Cover Crops
By Charles Williams (Winemaker)

As winegrowers we are very dependent on nature for our livelihood. The observation and study of nature never fails to amaze, breeding a thorough respect and love for these biological systems.

As custodians of the ground, we need to apply integrated, biological systems to keep our soils alive and nourished, to in turn supply our vines with all the elements it needs to grow grapes of superior quality. We do this in a few ways: producing and introducing compost into our vineyards, applying Mycorrhizae to the soils (these are fungi that colonizes the root of plants and create symbiotic relationships in managing plant water and nutrient absorption) and planting specific cover crops between our vineyard rows to fulfil specific rolls.

Cover crops (commonly used species including Wheat, Lupines and White Mustard) have multiple advantages. To optimize these advantages, precision farming is of the utmost importance, and as we at De Toren do not believe in taking a blanket approach on ANYTHING this plays well into our hand!

During autumn we will collect soil samples from every differential area in our vineyards. These analysis will show the balance of nutrients in the soil, what elements are either abundant or scares and how much of each is easily available to the vines. By using the soil data in conjunction with our knowledge of the cultivar planted to that specific soil we will match up specific cover crops to that combination.
This year we have opted for 3 different cover crops:

– Wheat
– Bitter Lupins
– Vicia sativa

Wheat has the ability to produce a big amount of biomass. This is good to increase the organic material in the soils. This cover crop is great for healthy, balanced soils. Apart from the advantages of imparting good amount of organic material into the soil, it also has a fibrous root system (see picture) that occupies the topsoil and suppress the germination and growth of winter and annual weeds.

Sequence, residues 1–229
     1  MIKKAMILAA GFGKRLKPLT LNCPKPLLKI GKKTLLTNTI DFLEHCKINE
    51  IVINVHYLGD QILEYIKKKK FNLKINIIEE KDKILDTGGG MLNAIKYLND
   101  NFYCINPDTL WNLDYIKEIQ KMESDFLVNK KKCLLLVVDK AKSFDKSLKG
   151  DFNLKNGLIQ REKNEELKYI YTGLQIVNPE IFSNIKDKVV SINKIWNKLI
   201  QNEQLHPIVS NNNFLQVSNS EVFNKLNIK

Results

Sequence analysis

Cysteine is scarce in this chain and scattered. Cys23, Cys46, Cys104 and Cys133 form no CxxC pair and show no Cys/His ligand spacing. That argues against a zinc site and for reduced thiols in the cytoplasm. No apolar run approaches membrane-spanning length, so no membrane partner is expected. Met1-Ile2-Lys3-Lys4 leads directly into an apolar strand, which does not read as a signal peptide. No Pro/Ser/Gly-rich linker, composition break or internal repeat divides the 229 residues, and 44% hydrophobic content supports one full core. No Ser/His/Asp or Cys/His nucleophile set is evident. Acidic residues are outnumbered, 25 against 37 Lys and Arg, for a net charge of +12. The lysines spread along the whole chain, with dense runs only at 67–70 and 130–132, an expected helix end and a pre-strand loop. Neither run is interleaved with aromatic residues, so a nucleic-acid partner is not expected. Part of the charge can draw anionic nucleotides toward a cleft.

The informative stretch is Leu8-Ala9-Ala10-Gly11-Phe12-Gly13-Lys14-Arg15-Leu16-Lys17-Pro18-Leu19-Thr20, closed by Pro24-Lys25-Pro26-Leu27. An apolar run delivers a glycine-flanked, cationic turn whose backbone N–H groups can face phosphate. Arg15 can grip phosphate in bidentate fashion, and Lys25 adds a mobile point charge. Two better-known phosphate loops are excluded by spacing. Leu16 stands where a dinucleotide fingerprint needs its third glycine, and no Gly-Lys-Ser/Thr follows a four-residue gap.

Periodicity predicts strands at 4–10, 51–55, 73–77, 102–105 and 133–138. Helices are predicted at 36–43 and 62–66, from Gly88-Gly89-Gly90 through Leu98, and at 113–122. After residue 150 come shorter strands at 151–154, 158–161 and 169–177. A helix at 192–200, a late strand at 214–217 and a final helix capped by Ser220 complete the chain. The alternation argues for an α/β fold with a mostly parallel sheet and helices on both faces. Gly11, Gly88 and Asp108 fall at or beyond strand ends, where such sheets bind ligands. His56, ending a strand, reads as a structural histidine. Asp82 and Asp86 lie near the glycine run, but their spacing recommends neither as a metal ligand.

Bitter Lupins is a Legumes specie that have the ability to fixate nitrogen, once it dies, it releases and replenish the soil nitrogen. This makes it perfect for marginal soil with a high rock content. Because it has a very strong taproot system it also makes it a viable option for soil with a high clay content. The roots grow deep into the soil and once the plant dies the roots decompose leaving small “tunnels” in the soil for water and organic material to be carried deep into the soil.

Vicia sativa is also a Legumes plant. It has a very strong implantation rate and will grow a good amount of biomass. It is a very strong nitrogen fixating plant. Perfect for sandy soils and to help stimulate growth for cultivars like Petit Verdot.

These cover crops are key to our continued approach towards successfully applying biological and sustainable farming techniques and in yearly rotation can be very successfully utilized towards achieving and maintaining good, healthy soils!